From left, Bob Weldon, Ann Vail and Jimmy Henning unveil the newest historical marker at UK. Lexington, Ky.- Family and consumer sciences extension personnel honored an early, influential extension educator and their program’s centennial anniversary with a historical marker. The marker was unveiled Dec. 2 outside of the Myrtle Weldon Suite in the E.S. Good Barn on the University of Kentucky’s campus.

“We are honored to place this historical marker in recognition of 100 years of family and consumer sciences extension at the University of Kentucky,” said Ann Vail, assistant director of UK family and consumer sciences extension. “Thousands of agents have served the people of Kentucky over the last century. It is fitting that we also recognize Myrtle Weldon on the same marker. She had the initial vision for what has become the FCS extension program in 2014.”

Joining Vail at the ceremony were Weldon’s nephew, Bob Weldon, Jimmy Henning, director of the UK Cooperative Extension Service, and Becky Riddle, coordinator of the Historical Marker Program for the Kentucky Historical Society.

In Kentucky, family and consumer sciences extension programming began in 1914 when UK hired 17 county extension agents to teach food preservation. Weldon became state leader of the then UK home economics extension program in 1924. Weldon oversaw the program grow in educational emphasis and in agent numbers during her 31-year tenure. In addition, she played an instrumental role in the beginnings of the Kentucky Extension Homemakers Association, a group that formed in 1932.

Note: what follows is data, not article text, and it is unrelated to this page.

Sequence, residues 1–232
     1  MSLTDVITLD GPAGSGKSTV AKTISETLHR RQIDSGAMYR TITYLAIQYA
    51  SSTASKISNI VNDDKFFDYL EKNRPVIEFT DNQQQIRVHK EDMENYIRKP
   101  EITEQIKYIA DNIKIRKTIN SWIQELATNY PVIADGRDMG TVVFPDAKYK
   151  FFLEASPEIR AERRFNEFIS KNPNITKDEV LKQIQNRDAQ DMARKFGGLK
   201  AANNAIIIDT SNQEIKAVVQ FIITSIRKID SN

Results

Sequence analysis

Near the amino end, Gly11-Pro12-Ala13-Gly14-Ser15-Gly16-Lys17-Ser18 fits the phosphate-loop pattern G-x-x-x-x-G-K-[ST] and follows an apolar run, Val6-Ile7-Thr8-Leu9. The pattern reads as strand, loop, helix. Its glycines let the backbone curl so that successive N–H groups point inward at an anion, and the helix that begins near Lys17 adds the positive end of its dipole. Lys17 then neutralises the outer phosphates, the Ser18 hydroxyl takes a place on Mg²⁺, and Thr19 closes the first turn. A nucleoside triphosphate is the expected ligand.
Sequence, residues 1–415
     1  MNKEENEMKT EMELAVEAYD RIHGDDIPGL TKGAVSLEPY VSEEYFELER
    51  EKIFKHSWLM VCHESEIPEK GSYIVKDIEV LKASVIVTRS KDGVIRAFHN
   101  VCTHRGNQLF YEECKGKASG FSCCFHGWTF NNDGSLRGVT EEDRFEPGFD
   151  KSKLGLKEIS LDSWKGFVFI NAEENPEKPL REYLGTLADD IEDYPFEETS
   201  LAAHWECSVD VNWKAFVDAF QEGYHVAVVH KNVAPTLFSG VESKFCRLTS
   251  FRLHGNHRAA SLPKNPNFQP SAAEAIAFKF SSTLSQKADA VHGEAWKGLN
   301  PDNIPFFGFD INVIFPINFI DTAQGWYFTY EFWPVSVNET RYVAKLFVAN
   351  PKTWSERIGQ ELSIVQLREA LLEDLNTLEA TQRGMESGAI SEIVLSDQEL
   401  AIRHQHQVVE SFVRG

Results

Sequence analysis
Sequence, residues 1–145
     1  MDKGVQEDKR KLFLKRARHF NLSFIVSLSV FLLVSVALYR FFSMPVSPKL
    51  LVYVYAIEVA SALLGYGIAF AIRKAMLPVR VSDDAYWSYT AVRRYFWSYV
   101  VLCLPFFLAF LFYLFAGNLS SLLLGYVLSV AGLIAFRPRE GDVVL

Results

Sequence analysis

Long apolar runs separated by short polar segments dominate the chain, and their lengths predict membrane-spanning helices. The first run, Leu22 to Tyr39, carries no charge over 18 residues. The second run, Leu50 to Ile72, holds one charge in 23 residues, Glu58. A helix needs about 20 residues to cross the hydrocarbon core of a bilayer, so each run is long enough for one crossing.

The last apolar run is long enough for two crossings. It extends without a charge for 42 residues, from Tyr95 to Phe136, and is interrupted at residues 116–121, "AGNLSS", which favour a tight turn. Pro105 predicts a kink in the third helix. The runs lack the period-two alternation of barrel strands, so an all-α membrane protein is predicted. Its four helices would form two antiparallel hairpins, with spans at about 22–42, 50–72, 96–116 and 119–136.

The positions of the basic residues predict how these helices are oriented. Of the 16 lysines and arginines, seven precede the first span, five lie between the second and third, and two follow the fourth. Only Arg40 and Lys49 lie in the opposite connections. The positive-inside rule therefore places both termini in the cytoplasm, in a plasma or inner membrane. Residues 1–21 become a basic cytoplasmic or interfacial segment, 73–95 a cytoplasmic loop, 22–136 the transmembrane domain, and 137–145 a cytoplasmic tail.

Bob Weldon said the marker carries forward his family’s legacy of self-betterment to the state.

“As a young person, Myrtle learned how several generations of her family overcame obstacles and became farmers, educators and business people,” he said. “We hope that others will reflect on this and become aware that whatever their current situation, if they persist with their personal set of values, then they can improve their own and their family’s economic well-being and enjoyment of life, just as my aunt did.”

Connee Wheeler, UK senior extension associate, was the driving force behind the historical marker.

“I love reading the historical markers on campus and all over the state,” Wheeler said. “We have a lot of things in family and consumer sciences extension that could be placed on them.”

The Kentucky Historical Marker program provides Kentuckians with the opportunity to explore historical events, people and places in their own communities.

Author: Katie Pratt
Contact: Connee Wheeler, 859-257-3887
Terms: FCS